Sunday, March 08, 2009

Sharing Experiences Sustains and Encourages Coastcarers

On Saturday, 7 March 2009 five Cottesloe Coastcarers joined about 15 other volunteers, contractors, students and Coastcare Officers for a fascinating workshop on the Rehabilitation of Coastal Dunes at the Kwinana Recquatic Centre. Craig Wilson, the Coastcare Officer for the South Metropolitan Region set the scene with his presentation on the planning of coastal rehabilitation projects

which gave us some useful hints on how to improve our own application for our 2009/10 Coastwest Project. Christopher Lukes, the Coastwest Coordinator at DPI added to this information and made us aware of some of the bureaucratic hurdles that need ingenuity to overcome.

With Julia Cullity from DEC we all tried to identify the numerous plants she had brought to demonstrate how often the 'goodies' are very similar to the 'baddies' and that it takes some sharpening of perception to be able to tell the difference.

This very hands-on, practical and useful approach was also taken by David Bright, a contractor with Environmental Services who had been involved in long-term coastal rehabilitation in the Coogee Beach area. His experiences confirmed some of CCA's and it was particularly encouraging to learn that the lifespans of weed seedbanks on dunes are relatively short so that we can actually expect to eventually get rid of our pet hates (i.e. Tetragonia decumbens and Pelargonium capitatum).

His success rates were impressive and he confirmed our deep-planting practice - he was particularly successful with planting cuttings of Spinifex hirsutus up to half a metre deep into the sand. These plants proved amazingly effective in trapping moving sand and increased the height of a foredune by 1.5 metres within a relatively short time.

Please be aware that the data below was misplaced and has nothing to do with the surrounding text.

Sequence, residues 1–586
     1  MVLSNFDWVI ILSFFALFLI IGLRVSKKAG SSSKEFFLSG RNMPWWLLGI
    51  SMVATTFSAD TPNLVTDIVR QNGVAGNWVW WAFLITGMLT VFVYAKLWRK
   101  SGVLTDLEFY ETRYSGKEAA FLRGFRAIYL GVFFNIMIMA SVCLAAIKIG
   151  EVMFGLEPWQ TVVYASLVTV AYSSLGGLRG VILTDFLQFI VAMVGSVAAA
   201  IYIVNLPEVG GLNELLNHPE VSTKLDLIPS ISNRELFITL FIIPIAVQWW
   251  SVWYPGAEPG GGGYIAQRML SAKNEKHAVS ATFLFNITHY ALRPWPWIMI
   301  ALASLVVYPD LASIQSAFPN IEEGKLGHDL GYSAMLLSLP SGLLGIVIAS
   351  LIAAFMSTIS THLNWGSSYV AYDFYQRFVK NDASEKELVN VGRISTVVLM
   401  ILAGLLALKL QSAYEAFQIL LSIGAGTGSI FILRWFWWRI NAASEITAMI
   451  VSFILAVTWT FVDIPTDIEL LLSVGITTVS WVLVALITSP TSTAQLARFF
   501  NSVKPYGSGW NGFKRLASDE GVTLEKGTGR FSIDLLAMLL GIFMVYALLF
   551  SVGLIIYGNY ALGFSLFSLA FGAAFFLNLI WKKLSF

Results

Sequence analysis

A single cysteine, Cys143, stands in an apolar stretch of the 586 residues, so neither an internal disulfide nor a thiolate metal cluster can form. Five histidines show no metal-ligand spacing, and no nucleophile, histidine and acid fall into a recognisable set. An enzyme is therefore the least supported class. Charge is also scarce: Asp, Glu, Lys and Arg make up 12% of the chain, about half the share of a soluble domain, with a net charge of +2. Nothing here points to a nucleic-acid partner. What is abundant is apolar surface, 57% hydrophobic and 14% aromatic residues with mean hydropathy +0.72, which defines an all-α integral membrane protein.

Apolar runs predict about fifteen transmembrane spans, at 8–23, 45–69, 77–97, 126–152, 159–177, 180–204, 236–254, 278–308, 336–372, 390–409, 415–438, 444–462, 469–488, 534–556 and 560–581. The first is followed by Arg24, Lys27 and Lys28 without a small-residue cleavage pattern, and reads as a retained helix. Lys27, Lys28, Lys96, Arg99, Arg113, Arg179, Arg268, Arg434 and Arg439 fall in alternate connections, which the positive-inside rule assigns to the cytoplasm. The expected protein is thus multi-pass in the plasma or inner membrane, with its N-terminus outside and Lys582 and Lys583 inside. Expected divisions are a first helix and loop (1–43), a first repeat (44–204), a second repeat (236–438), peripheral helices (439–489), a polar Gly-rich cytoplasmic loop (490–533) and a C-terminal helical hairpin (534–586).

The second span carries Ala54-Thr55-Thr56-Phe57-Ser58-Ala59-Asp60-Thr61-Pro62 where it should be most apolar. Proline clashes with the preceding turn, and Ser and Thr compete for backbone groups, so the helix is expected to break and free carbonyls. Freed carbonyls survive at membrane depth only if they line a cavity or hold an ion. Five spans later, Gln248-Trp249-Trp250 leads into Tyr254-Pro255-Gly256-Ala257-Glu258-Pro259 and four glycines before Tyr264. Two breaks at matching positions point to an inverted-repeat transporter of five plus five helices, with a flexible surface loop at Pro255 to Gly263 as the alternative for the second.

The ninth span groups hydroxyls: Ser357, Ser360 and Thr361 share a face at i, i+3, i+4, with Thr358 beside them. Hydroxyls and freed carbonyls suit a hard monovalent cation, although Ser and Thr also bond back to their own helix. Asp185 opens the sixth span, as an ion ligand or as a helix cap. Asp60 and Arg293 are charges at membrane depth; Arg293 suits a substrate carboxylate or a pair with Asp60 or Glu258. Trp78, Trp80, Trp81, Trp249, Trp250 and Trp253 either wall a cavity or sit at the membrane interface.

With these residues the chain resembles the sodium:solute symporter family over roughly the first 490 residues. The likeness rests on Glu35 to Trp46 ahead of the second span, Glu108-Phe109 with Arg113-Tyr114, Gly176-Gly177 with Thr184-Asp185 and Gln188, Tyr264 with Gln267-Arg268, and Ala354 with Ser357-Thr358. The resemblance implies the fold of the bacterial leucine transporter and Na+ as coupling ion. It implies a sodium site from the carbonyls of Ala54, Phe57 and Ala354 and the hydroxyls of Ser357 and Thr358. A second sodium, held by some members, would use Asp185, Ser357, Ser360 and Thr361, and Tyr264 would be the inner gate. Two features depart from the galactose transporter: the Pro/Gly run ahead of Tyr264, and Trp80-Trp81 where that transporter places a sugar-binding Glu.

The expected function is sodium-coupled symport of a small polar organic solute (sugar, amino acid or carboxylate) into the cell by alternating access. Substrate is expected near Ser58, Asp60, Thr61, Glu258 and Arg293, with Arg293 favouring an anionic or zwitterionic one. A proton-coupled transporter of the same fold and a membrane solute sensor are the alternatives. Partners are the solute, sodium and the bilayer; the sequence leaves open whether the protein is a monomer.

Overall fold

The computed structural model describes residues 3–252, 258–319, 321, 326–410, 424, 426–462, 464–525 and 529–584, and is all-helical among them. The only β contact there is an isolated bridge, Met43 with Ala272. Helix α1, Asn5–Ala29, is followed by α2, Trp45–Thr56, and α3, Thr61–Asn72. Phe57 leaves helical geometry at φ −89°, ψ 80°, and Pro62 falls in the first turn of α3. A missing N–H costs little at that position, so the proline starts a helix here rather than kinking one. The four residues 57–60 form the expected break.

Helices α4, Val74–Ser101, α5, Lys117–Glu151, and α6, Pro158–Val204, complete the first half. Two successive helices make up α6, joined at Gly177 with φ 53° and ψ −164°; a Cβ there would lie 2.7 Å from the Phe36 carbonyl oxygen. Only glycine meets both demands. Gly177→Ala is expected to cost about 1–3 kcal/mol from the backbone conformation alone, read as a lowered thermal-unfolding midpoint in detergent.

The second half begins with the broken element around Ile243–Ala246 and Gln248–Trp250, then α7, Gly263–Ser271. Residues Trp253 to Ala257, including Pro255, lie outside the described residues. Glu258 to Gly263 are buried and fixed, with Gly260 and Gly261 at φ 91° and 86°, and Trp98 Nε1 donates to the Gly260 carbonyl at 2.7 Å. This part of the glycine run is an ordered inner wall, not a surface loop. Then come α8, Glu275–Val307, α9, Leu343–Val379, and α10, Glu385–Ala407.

David was emphatic about long-term planning, especially with respect to pre-planting weed control and seed collecting. He recommended ordering plants from nurseries in September in time for planting in mid-May, surprisingly early. His plants thrived on being watered regularly for the first year and not at all after that.
At the end of his presentation we went to the area he had been talking about and we could see for ourselves that his plants looked very healthy and there were comparatively few weeds. We were impressed.

Apart from the information gained from the presenters, it is always great to talk and network with other passionate coastcarers.

A big thank you to the organisers and the sponsors who made this whole day workshop possible and provided the food and drinks.

(Photos by Robyn Benken)


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